Infinite Guitars review — Struggles of a solo artist

Every single video game is a miracle. That’s not an exaggeration; games take an incredible amount of time, effort, and care that anything, from the smallest phone games to the cutting edge AAA, continues to amaze me. Infinite Guitars is clearly a work of passion. It’s got incredible style, genre-bending action, and a soundtrack that does not miss. However, it arrives on the scene fundamentally flawed and unfinished. While it has some amazing ideas and I enjoyed playing it, it still needs a lot more time in the oven.

Infinite Guitars follows JJ as they explore their planet’s floating islands to rescue their grandfather. Everyone in this world has a core from which their energy springs and determines what kind of weapon they can conjure (for most this is a guitar). However, JJ’s core is broken, meaning their energy is constantly leaking out. Luckily, after making a scrap bot friend they name Ruckus, who eats an Infinite Core, they can receive and distribute a virtually limitless amount of energy.

To be perfectly honest, that’s about as much of the story I was able to grasp outside of the overall gist of the themes and message, which I won’t spoil here. I enjoyed the story, but it’s written poorly and presented cheaply. With the former, it’s got the same problem as Chained Echoes: the moment to moment language definitely feels like whoever wrote the English script wasn’t terribly fluent. Because of this, I was never really clear on the whys and hows of everything, which isn’t ideal in an RPG, a genre typically focused on story. Again, the bones are decent, they just need some different meat on them.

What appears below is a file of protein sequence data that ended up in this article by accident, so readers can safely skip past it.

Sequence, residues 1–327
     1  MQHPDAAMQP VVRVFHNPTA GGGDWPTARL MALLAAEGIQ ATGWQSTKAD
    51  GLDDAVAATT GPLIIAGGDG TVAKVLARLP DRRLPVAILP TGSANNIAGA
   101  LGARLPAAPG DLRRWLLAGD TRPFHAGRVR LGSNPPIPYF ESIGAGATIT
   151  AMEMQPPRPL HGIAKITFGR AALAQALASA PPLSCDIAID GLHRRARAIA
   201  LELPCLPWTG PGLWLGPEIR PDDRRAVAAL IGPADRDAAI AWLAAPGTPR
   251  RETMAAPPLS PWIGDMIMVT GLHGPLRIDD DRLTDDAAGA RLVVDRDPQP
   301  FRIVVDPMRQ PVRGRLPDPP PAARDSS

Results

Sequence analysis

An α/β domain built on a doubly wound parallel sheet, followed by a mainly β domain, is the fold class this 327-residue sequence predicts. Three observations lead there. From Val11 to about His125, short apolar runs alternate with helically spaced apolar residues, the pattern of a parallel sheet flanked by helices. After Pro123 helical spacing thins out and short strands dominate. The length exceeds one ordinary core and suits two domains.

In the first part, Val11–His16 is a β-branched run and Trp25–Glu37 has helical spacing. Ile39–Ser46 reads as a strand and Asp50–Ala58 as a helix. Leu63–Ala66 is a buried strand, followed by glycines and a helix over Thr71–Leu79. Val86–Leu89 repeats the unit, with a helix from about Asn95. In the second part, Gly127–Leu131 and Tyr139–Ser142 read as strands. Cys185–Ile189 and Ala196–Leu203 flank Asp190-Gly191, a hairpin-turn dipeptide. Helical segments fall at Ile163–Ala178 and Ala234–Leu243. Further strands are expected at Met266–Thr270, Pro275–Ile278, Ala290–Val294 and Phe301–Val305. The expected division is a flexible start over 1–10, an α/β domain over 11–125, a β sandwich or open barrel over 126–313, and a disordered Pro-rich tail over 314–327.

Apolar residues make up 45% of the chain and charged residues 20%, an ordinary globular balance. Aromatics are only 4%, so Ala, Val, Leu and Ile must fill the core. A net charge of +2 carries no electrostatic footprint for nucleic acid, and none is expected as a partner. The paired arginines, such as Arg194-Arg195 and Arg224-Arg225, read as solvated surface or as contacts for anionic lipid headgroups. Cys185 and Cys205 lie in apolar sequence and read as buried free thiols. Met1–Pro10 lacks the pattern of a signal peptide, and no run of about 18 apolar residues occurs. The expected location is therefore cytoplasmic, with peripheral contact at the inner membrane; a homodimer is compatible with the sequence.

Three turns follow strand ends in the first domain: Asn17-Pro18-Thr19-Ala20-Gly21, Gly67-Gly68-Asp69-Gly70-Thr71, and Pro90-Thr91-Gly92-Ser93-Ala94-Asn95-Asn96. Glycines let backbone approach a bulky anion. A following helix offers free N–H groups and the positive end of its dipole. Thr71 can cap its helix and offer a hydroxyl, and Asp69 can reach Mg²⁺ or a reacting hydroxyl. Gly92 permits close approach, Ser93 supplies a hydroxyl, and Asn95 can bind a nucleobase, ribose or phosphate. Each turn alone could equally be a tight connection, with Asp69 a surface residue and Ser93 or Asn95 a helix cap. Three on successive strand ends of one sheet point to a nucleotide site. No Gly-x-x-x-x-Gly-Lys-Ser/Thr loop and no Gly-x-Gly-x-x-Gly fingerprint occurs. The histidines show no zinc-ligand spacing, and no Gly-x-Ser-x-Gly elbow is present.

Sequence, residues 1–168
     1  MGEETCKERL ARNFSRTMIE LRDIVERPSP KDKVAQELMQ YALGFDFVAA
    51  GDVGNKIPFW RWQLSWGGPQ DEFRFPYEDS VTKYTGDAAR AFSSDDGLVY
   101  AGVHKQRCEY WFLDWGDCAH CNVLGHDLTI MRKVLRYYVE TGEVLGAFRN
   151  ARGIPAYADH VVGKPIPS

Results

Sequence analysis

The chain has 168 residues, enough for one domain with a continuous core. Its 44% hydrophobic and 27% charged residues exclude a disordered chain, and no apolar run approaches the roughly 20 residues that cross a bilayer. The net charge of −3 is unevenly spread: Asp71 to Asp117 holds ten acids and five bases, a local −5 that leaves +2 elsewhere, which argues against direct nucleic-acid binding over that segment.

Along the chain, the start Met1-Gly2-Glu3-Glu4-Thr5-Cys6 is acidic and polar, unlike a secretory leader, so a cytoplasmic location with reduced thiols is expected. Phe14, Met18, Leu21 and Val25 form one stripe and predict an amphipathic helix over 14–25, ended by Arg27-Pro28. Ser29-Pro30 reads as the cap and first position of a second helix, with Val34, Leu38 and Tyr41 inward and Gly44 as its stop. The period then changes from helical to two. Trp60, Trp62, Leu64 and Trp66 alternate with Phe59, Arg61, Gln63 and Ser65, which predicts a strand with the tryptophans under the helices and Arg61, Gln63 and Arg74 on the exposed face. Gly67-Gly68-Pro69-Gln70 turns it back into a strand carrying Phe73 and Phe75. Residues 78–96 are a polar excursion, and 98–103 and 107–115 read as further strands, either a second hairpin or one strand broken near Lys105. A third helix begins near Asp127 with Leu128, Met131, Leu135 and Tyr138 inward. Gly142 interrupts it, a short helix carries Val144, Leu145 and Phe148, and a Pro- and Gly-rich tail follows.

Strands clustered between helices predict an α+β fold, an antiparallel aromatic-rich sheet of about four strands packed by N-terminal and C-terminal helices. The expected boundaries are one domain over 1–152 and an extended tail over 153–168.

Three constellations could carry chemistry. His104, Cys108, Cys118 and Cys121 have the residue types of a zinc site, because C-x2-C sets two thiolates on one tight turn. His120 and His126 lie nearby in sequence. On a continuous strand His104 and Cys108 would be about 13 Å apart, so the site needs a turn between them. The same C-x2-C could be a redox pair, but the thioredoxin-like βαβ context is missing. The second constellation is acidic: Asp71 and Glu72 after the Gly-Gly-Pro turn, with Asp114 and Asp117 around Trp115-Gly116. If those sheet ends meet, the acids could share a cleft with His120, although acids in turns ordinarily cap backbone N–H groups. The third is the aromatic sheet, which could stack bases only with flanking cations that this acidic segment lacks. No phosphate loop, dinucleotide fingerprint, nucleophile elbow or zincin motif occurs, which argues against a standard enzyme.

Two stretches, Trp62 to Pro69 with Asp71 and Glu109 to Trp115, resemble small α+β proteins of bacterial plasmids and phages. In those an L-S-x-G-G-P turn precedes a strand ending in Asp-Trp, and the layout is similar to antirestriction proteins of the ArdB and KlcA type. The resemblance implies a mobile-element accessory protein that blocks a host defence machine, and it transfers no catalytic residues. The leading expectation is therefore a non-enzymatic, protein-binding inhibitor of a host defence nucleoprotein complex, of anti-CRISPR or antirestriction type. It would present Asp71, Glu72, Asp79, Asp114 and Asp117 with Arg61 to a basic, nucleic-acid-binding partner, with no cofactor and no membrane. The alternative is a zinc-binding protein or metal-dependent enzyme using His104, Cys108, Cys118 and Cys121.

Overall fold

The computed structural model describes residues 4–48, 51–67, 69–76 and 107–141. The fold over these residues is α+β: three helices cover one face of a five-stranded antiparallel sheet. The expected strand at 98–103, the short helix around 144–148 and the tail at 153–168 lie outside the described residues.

As for the presentation, I always try to cut indie games a lot more slack than anything big budget, but the priorities here are super weird. Most scenes are presented in a visual novel style, with two character portraits at a time going back and forth with dialogue or narration. A few important scenes also have more complex illustrations or even full blown animation to go with them. There’s a great moment near the end where you see your full party just hanging out before the final battle, and it’s got some amazing characterization in how everyone is posed while they talk. However, there are still some important scenes that don’t get this kind of treatment. There are character deaths that only get a few lines of dialogue despite connecting to a member of the party’s motivations. Of course you can’t animate every scene, but the priorities here are a bit off kilter.